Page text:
Forgotten Faces
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Politics and Activism

Forgotten Faces

The black women you often don't learn about

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Forgotten Faces
"The most disrespected person in America is the black woman. The most unprotected person in America is the black woman. The most neglected person in America is the black woman."

~ Malcolm X


Ask yourself this question. Can you name at least 10 influential black women outside of the sports and entertainment industries? If the answer is no, then let's assess why. Well, you learned in a history class at some point in your life who Rosa Parks, Harriet Tubman, and maybe Maya Angelou is, but that's about it. Not to mention, the only sight of black women that you see in the media are mainly celebrities, with the exception of a few prominent politicians. So, what gives?

The truth is that we don't learn enough about black women in history, and when we do it tends to be a repeat of the same few names. However, there were many influential black women who initiated change and paved the way for other marginalized individuals through their actions and advocacy. Some of these powerful women include:

1. Dr. Alexa Canady

Became the first female African-American neurosurgeon in 1981. She graduated from the University of Michigan's medical school.

2. Constance Baker Motle

The first female African-American federal judge. She was appointed by Lyndon B. Johnson in 1966.

3. Gwendolyn Brooks

An African-American poet who became the first black woman to receive a Pulitzer Prize in 1950.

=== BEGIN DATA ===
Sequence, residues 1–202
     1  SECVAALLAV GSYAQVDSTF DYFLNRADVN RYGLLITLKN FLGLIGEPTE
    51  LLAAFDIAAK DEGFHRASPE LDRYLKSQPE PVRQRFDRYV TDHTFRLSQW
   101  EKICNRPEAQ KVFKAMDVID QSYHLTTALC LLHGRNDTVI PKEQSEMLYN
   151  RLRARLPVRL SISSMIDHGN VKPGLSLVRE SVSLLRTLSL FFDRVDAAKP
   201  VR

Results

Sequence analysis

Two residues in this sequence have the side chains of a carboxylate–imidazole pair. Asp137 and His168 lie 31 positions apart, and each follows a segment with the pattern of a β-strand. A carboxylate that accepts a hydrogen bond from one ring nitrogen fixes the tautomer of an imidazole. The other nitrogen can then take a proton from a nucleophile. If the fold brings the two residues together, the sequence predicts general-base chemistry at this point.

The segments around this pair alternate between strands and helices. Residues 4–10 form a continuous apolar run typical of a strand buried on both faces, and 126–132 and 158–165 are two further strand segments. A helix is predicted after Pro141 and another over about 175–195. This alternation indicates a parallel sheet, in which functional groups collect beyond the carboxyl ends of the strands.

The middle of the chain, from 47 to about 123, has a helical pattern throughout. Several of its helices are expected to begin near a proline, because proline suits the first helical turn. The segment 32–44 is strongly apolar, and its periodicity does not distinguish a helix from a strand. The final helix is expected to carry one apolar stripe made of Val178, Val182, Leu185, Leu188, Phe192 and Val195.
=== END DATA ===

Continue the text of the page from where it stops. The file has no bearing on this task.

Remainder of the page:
4. Dorothy Height

An African-American poet who became the first black woman to receive a Pulitzer Prize in 1950.

5. Mary Eliza Mahoney

The first documented African-American nurse. She received her license in the late 1800s.

6. Bessie Coleman

The first African-American pilot. She received her license in France because the U.S. denied her access to aviation school. She died in a plane crash in 1926.

7. Shirley Chisolm

Became the first African-American congresswoman in the late 1960s. She tried to run for President.

8. Mary McLeod Bethune

An African-American educator who went on to start a college for black women in the early twentieth century.

9. Phillis Weatley

A former African-American slave who became a published poet in the late 1700s.

10. Florynce Kennedy

A lawyer and women's rights activist that advocated for reproductive rights. She founded the Feminist Party in 1971.


These are the names and legacies of only a few black women. There are more names and stories within America's history that have yet to be shared and honored. American history does not and should not fit the mold of one narrative. True American history reflects the diverse individuals that have contributed to America's social, economic, and political framework.

We live in an age where technology makes information readily accessible to us. Your education may have failed you, but that's no excuse to remain in ignorance. I challenge you, my reader, to educate yourself and to share your knowledge with others to change that one-sided narrative we are often taught. Today and yesterday, black women continue to make strides, changing the face of history as we know it.


Sources:

National Park Service

Biography.com

Womens History

Poetry Foundation





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